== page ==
Meanwhile, a countrywide general strike, combined with the widespread dismissal of civil servants – including educators and medical personnel – has cut off many essential services in the country.
Since 1 February, at least 240 attacks on health-care facilities, medical personnel, ambulances and patients have disabled COVID-19 testing, treatment and vaccination.
Intense violence and repression
She denounced indiscriminate airstrikes, shelling, civilian killings and mass displacement. Civil voices are also being silenced: over 90 journalists have been arrested and eight major media outlets shuttered.
“We have also received multiple reports of enforced disappearances; brutal torture and deaths in custody; and the arrest of relatives or children in lieu of the person being sought”, she said.
Despite the repression, the UN High Commissioner indicated that the military leadership has not successfully secured control of Myanmar, nor won the international recognition it seeks.
“On the contrary, its brutal tactics have triggered a national uprising that has changed the political equation”, she said.
She added that people across the country continue peaceful protests despite the massive use of lethal force, including heavy weaponry, and a ‘civil disobedience movement has brought many military-controlled government structures to a standstill’.
Some people, in many parts of Myanmar, have taken up arms and formed self-protection groups. These newly formed groups have launched attacks in several locations, to which the security forces have responded with disproportionate force, she noted.
“I am concerned that this escalation in violence could have horrific consequences for civilians. All armed actors must respect and protect human rights and ensure that civilians and civilian structures such as health centres and schools are protected”.
“Any future democratic government in Myanmar must have the authority to exercise effective civilian control over the military. The international community should build upon the range of international accountability mechanisms already engaged, until transitional justice measures also become genuinely possible at the national level”, the High Commissioner concluded.
Amid COVID job losses, ‘high food prices are hunger’s new best friend’
Job losses caused by the COVID-19 pandemic combined with high food prices are making it hard for millions of families to get enough to eat, the World Food Programme (WFP) warned on Thursday.
WFP estimates that a record 270 million people worldwide are acutely food insecure or at high risk this year, a 40 per cent jump from 2020.
“High food prices are hunger’s new best friend. We already have conflict, climate and COVID-19 working together to push more people into hunger and misery. Now food prices have joined the deadly trio,” said Arif Husain, Chief Economist at the UN agency.
Food price inflation
WFP said countries more likely to experience high food price inflation are those that depend on food imports, or where climatic or conflict shocks could disrupt local food production, or those suffering from macro-economic fragility, with some of the highest price increases found in the Middle East.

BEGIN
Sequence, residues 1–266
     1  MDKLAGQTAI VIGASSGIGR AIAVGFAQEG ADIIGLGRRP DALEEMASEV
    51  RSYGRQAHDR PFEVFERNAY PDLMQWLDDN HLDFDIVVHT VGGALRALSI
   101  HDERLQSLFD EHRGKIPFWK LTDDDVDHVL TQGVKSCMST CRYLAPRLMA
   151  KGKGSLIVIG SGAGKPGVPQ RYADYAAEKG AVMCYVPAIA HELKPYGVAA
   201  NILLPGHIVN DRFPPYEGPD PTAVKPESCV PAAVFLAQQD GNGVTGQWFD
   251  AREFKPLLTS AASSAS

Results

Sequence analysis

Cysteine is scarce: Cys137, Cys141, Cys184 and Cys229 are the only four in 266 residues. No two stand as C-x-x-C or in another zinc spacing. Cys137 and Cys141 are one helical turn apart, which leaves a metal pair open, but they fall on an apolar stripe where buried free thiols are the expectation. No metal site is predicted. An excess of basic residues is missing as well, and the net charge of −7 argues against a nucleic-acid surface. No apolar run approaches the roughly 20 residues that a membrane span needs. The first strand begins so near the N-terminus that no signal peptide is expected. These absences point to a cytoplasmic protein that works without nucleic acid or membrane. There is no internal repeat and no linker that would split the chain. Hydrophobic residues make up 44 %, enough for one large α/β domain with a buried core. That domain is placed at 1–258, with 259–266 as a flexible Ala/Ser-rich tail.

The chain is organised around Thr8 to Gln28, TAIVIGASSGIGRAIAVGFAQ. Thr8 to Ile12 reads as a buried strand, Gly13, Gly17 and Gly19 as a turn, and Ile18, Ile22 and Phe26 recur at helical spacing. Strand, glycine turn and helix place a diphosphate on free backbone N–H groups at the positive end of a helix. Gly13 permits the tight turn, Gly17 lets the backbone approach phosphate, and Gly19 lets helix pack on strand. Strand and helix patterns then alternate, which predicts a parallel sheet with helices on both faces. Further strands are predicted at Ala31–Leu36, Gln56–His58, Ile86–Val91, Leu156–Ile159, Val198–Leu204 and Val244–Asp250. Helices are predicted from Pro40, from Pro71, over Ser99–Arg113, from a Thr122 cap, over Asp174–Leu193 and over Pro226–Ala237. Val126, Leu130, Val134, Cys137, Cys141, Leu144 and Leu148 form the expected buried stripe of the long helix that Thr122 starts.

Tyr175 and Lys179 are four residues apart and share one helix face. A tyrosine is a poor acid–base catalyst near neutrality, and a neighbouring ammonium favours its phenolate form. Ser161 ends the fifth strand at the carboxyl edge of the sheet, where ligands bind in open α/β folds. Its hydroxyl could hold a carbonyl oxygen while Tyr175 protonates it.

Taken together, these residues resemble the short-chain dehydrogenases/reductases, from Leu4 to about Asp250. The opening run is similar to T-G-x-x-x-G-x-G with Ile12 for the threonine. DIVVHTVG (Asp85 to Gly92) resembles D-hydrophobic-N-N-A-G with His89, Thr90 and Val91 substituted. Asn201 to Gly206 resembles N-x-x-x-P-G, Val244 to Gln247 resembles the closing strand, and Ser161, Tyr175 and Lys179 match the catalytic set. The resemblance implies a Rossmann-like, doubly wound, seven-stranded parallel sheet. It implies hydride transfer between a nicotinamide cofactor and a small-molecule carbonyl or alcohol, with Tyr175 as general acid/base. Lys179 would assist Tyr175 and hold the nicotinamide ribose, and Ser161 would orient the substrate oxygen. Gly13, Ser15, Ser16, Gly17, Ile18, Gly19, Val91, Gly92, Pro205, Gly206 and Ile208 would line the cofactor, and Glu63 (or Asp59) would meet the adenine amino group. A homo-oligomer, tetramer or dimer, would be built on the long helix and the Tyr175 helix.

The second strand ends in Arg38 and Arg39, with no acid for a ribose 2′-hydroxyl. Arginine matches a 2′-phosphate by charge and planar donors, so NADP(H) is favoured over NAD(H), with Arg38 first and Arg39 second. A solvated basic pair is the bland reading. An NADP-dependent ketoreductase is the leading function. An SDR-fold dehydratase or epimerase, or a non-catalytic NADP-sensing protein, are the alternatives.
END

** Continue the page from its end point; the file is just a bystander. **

Meanwhile, currency depreciation has further driven up local food prices in many countries, such as Zimbabwe, Syria, Ethiopia and Venezuela.
WFP’s latest Market Monitor, which provides information on price changes for common staples, reveals that in Lebanon, where economic turmoil has accelerated over the past year, the average price of wheat flour was 50 per cent higher in March through May than in the previous three months. The year-on-year price rise was 219 per cent.
In war-torn Syria, cooking oil has increased by nearly 60 per cent, and by 440 per cent year-on-year.
Mozambique, which is confronting a conflict in the north, is among “high food price hotspots” in Africa. The price of cassava there shot up by 45 per cent in March through May, compared to the previous three months.
The picture is reflected across international markets, according to the Food Price Index published by the UN Food and Agriculture Organization (FAO).
After rising for 12 consecutive months, food prices dropped slightly in June, reaching 124.6, which is just below the peak of 136.7 a decade ago. At the same time, the cost of a basic food basket has risen by more than 10 per cent in nine of the more than 80 countries where WFP operates.
Trouble for families
WFP is the world’s largest humanitarian organization, and its food assistance can make the difference between life or death for millions facing hunger.
While food price hikes directly impact the people it serves, they have also affected millions of families whose incomes have been decimated by the pandemic.
The crisis could push as many as 97 million people worldwide into poverty by the end of the year, according to the World Bank.
“If you’re a family that already spends two thirds of your income on food, hikes in the price of food already spell trouble. Imagine what they mean if you’ve already lost part or all of your income because of COVID-19,” said Mr. Husain.
WFP explained how high food prices affect its work, first by driving up the number of people who need help. At the same time, the cost of commodities for food assistance operations is increased, with the agency paying 13 per cent more for wheat during the first four months of the year than it did in 2020.
WFP is aiming to reach nearly 140 million people worldwide this year, its biggest operation ever.